How long is it safe to sit in a sauna?
How much weight can you lose in one day?
You will not lose weight in a single day.
Do saunas help you detox?
Yes, sauna is a great way to detox and feel refreshed.
Does a sauna help lose belly fat?
Anecdotal evidence suggests that a sauna may help you lose water weight around the abdominal region. However, more research is warranted. It is only with regular exercise and a balanced diet that one can lose weight properly.
- “Sauna-induced body mass loss in young sedentary women and men.” TheScientificWorldJournal, US National Library of Medicine, National Institutes of Health.
- “The effect of sauna bathing on lipid profile in young, physically active, male subjects.” International Journal of Occupational Medicine and Environmental Health, US National Library of Medicine, National Institutes of Health.
- “Blood, urine, and sweat (BUS) study: monitoring and elimination of bioaccumulated toxic elements.” Archives of Environmental Contamination and Toxicology, US National Library of Medicine, National Institutes of Health.
- “The excretion of trace metals in human sweat.” Annals of Clinical and Laboratory Science, US National Library of Medicine, National Institutes of Health.
- “Clinical Effects of Regular Dry Sauna Bathing: A Systematic Review” Evidence-based Complementary and Alternative Medicine, US National Library of Medicine, National Institutes of Health.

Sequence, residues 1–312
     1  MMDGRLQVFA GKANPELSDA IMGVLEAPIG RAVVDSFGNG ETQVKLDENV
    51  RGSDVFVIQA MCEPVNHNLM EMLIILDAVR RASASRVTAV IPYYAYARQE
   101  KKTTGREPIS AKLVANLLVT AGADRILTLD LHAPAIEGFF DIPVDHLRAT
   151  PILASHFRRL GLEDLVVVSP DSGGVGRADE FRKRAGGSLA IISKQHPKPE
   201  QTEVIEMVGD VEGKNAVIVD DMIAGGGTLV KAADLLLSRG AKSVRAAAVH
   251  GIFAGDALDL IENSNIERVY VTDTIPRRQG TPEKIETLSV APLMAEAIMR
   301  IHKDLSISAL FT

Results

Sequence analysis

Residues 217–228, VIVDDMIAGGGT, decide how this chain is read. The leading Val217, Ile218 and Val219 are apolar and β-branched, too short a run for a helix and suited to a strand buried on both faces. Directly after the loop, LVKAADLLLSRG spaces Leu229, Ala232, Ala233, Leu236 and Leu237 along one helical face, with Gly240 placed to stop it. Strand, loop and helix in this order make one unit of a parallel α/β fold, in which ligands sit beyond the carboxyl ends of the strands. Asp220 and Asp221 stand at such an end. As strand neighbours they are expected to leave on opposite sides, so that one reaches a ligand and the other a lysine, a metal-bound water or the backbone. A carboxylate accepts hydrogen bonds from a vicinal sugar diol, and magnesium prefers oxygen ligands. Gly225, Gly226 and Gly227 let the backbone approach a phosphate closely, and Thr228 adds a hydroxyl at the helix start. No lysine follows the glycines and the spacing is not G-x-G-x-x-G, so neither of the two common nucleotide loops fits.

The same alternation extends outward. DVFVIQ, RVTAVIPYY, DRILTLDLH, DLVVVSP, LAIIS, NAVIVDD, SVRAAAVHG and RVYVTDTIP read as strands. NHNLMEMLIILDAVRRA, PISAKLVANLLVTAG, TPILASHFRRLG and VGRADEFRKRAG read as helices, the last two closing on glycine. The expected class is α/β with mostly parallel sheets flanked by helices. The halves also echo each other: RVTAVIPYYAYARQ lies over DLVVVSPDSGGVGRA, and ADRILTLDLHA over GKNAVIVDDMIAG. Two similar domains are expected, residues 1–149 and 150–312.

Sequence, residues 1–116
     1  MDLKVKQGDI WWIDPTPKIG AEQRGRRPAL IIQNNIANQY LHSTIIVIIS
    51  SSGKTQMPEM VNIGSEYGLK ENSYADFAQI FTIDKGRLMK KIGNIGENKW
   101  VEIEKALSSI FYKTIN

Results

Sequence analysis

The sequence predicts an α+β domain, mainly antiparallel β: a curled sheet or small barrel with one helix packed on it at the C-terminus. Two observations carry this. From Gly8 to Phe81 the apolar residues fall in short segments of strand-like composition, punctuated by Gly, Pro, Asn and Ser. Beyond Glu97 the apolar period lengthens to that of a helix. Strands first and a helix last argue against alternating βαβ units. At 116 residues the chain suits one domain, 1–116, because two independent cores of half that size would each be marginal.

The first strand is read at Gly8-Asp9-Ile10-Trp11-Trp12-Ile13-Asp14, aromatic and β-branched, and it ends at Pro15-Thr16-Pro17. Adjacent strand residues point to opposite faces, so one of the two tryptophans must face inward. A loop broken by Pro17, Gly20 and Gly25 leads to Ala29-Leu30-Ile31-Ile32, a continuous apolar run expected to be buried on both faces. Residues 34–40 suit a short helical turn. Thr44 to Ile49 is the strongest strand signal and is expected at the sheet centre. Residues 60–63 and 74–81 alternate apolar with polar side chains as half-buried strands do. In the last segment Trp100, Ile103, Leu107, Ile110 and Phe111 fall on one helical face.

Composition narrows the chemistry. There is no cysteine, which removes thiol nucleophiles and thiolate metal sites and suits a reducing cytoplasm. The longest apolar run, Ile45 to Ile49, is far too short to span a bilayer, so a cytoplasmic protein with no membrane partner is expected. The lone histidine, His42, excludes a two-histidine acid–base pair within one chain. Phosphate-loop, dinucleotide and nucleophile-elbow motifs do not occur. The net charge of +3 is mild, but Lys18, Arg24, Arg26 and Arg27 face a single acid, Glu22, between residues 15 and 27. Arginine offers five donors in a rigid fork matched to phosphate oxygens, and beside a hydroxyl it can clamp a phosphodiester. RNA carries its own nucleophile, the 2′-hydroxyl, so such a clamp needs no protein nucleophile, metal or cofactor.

- “Prophylactic Effects of Sauna on Delayed-Onset Muscle Soreness of the Wrist Extensors” Asian Journal of Sports Medicine, US National Library of Medicine, National Institutes of Health.
- “Effect of post-exercise sauna bathing on the endurance performance of competitive male runners.” Journal of Science and Medicine in Sport/Sports Medicine Australia, US National Library of Medicine, National Institutes of Health.
- “Sauna bathing and systemic inflammation.” European Journal of Epidemiology, US National Library of Medicine, National Institutes of Health.
- “Obesity and inflammation: the effects of weight loss.” Nutrition Research Reviews, US National Library of Medicine, National Institutes of Health.
- “Benefits and risks of sauna bathing.” The American Journal of Medicine, US National Library of Medicine, National Institutes of Health.
- “Fluid and electrolyte supplementation for exercise heat stress” The American Journal of Clinical Nutrition, American Society for Nutrition.